With CBS Suspension & Bloomberg/PBS Cancellations of 'Charlie Rose' Another Superstar Icarus Takes The Fall

Charlie Rose with his long-time partner Amanda Burden

Charlie Rose with his long-time partner Amanda Burden

The Washington Post shattered the media world Monday afternoon, after speaking to eight women about the treatment of 'Charlie Rose' employees between the late 1990s and 2011. The women told WaPo that Rose "made unwanted sexual advances toward them, including lewd phone calls, walking around naked in their presence, or groping their breasts, buttocks or genital areas."

None of the women accusing Rose worked for CBS or PBS, according to the report, and PBS, CBS and Bloomberg all told the newspaper that "they have no records of sexual harassment complaints about Charlie Rose."

The claimants ranged in age from 21 to 37 at the time of the alleged encounters. Of the eight women, three spoke on the record., with several of his accusers fearing going on the record because of “his stature in the industry, his power over their careers or what they described as his volatile temper.” 

Kyle Godfrey-Ryan said Rose walked nude in front of her at least a dozen times during her stint as his assistant in the mid-2000s, in addition to calling her at odd hours to describe his fantasy of watching her swim naked in a pool while he watched. At the time, she was around 21 years old. Godfrey-Ryan reported incidents of lewd phone calls and exposure to Rose’s longtime executive producer, Yvette Vega. According to Godfrey-Ryan, Vega responded, “That’s just Charlie being Charlie.“ In a statement to the Post, Vega said, “I should have stood up for them. I failed. It is crushing. I deeply regret not helping them.” 

“It feels branded into me, the details of it,” Godfrey-Ryan told the paper.

From left: Rose, “Charlie Rose” show executive producer Yvette Vega and Beth Hoppe, a PBS executive, speak at the 2013 Summer Television Critics Association tour in Beverly Hills, Calif. Two women who spoke to The Post said they repeatedly reported Rose’s inappropriate sexual behavior to Vega. In a statement, Vega says she regrets not doing more to protect the young women on the show. (Frederick M. Brown/Getty Images)

From left: Rose, “Charlie Rose” show executive producer Yvette Vega and Beth Hoppe, a PBS executive, speak at the 2013 Summer Television Critics Association tour in Beverly Hills, Calif. Two women who spoke to The Post said they repeatedly reported Rose’s inappropriate sexual behavior to Vega. In a statement, Vega says she regrets not doing more to protect the young women on the show. (Frederick M. Brown/Getty Images)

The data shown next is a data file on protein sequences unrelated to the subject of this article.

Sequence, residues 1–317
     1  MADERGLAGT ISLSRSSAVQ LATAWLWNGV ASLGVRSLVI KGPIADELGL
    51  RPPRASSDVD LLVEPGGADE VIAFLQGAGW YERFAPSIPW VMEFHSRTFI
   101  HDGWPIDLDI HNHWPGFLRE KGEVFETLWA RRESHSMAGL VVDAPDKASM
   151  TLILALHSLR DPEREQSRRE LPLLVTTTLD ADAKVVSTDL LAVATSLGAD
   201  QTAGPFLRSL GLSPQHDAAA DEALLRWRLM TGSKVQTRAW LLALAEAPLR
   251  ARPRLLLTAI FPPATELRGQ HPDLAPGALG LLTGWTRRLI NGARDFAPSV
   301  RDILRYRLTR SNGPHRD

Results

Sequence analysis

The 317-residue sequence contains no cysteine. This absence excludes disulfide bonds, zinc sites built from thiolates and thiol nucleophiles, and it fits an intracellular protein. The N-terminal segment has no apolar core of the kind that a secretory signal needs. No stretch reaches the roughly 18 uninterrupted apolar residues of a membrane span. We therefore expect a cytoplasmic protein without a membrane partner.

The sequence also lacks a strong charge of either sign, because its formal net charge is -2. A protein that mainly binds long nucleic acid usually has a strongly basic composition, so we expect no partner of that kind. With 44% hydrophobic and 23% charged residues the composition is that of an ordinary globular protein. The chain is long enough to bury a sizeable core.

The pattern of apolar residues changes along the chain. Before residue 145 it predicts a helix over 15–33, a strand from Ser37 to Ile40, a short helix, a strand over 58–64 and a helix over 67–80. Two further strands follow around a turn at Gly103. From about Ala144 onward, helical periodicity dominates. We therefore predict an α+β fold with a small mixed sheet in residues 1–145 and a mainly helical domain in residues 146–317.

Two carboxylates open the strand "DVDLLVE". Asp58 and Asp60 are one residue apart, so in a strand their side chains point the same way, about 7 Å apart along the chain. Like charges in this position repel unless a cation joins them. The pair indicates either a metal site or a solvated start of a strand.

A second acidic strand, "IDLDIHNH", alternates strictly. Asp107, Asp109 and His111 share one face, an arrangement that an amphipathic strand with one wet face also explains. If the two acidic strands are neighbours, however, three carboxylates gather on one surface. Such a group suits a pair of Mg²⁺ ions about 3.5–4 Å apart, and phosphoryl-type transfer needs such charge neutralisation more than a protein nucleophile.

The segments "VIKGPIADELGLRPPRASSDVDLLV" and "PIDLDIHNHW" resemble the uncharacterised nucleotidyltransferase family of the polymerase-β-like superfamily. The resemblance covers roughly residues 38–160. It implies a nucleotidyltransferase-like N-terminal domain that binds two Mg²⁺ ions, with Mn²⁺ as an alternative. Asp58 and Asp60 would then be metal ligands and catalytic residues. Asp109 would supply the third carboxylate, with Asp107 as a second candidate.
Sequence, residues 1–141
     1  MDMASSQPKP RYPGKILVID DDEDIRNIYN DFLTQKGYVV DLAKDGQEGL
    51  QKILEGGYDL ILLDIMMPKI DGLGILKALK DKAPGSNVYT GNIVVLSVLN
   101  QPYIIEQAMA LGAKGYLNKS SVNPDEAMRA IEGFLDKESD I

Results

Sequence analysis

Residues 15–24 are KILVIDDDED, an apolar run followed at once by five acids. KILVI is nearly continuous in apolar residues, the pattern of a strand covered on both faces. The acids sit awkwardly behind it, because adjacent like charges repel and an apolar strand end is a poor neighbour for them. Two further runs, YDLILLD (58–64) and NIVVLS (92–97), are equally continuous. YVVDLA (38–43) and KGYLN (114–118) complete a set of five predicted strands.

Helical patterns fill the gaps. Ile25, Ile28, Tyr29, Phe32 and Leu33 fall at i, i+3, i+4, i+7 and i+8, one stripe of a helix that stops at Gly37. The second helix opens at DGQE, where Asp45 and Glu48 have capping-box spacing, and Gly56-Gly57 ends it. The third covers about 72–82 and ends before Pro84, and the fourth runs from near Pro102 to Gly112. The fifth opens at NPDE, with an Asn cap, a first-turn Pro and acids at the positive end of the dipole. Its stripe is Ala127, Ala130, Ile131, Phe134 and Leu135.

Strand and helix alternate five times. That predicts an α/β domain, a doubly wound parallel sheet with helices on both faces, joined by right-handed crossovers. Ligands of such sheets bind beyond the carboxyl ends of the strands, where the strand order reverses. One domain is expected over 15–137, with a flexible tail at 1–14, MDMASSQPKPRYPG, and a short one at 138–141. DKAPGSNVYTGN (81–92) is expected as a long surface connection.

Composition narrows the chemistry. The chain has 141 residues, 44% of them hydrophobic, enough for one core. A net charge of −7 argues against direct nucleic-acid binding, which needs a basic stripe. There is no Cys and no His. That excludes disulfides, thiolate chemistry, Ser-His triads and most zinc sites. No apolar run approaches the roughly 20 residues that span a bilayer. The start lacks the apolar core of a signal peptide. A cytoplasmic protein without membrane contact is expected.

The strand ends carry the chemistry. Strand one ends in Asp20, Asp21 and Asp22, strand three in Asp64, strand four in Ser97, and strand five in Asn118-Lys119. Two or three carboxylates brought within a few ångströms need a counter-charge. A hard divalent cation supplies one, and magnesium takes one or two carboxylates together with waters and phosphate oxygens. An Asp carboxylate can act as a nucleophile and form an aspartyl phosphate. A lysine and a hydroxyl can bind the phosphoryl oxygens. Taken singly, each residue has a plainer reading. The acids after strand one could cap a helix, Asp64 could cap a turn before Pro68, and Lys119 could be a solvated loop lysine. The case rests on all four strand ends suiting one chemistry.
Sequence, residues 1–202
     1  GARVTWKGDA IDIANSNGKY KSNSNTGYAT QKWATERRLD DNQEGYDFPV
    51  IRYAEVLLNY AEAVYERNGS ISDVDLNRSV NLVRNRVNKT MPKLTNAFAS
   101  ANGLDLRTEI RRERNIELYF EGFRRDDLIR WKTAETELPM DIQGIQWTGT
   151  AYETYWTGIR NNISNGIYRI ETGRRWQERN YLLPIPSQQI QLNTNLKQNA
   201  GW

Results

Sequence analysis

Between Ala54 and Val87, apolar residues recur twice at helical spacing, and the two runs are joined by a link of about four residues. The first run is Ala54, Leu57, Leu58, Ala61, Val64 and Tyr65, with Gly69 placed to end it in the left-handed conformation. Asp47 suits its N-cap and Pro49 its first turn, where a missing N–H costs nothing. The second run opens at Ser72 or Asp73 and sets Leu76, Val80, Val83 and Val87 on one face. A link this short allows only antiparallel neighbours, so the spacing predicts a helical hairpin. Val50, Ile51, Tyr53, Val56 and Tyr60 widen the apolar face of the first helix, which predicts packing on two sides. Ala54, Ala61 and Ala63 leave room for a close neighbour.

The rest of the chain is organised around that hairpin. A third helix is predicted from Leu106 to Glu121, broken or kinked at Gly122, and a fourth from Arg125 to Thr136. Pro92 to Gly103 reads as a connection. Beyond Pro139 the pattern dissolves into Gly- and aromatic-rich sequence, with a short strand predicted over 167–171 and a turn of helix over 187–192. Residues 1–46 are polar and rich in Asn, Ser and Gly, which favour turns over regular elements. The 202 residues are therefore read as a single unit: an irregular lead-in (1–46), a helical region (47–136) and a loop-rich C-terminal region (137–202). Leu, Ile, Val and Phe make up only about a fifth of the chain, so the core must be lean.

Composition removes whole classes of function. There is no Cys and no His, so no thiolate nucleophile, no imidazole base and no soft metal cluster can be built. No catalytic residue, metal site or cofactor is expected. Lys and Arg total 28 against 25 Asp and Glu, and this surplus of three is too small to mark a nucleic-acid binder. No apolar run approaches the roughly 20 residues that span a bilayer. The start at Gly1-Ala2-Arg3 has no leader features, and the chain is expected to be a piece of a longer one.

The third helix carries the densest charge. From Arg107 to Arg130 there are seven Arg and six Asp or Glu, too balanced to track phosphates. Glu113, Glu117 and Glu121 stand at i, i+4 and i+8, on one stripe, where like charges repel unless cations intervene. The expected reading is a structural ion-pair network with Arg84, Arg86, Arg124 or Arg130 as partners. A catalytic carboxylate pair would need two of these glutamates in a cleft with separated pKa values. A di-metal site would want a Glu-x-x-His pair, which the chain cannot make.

CBS suspended Rose from his role as 'CBS This Morning' co-host and a contributor to '60 Minutes'. Both PBS and Bloomberg announced that both companies will stop distributing Charlie Rose's eponymous show, 'Charlie Rose', produced by Rose's company, Charlie Rose Inc, has aired on PBS since 1991. 

"Most of the women said Rose alternated between fury and flattery in his interactions with them," the Washington Post reported. "Five described Rose putting his hand on their legs, sometimes their upper thigh, in what they perceived as a test to gauge their reactions. Two said that while they were working for Rose at his residences or were traveling with him on business, he emerged from the shower and walked naked in front of them. One said he groped her buttocks at a staff party."

Of two dozen former employees who spoke with the Post, six confirmed they saw what they considered harassment, and 10 more said they were uncomfortable watching how Rose treated female employees. Two former staffers said that Rose’s female assistants were sometimes referred to as “Charlie’s Angels.” Prone to giving unsolicited shoulder rubs, some employees referred to the habit as "the crusty paw."

Godfrey-Ryan was so disallusioned with her experience with Charlie Rose that she left the field of journalism entirely. “It makes me a little upset to see him on television,” she said. “Everything I experienced with journalism there made me not want to stay.”

Charlie Rose addressed the women's allegations in a statement to the Washington Post. His comments strongly mirrored those issued several weeks ago by another Bloomberg heavyweight Mark Halperin.  He said: "In my 45 years in journalism, I have prided myself on being an advocate for the careers of the women with whom I have worked. Nevertheless, in the past few days, claims have been made about my behavior toward some former female colleagues.

“It is essential that these women know I hear them and that I deeply apologize for my inappropriate behavior. I am greatly embarrassed. I have behaved insensitively at times, and I accept responsibility for that, though I do not believe that all of these allegations are accurate. I always felt that I was pursuing shared feelings, even though I now realize I was mistaken.

“I have learned a great deal as a result of these events, and I hope others will too. All of us, including me, are coming to a newer and deeper recognition of the pain caused by conduct in the past, and have come to a profound new respect for women and their lives.”

One of the WaPo writers Irin Carmon says that she initially heard rumors of Charlie Rose's bad-boy behavior as a writer at Jezebel in 2010. "Only in the past weeks, however, were she and her colleagues able to get the alleged victims to speak on the record," writes Jezebel tonight.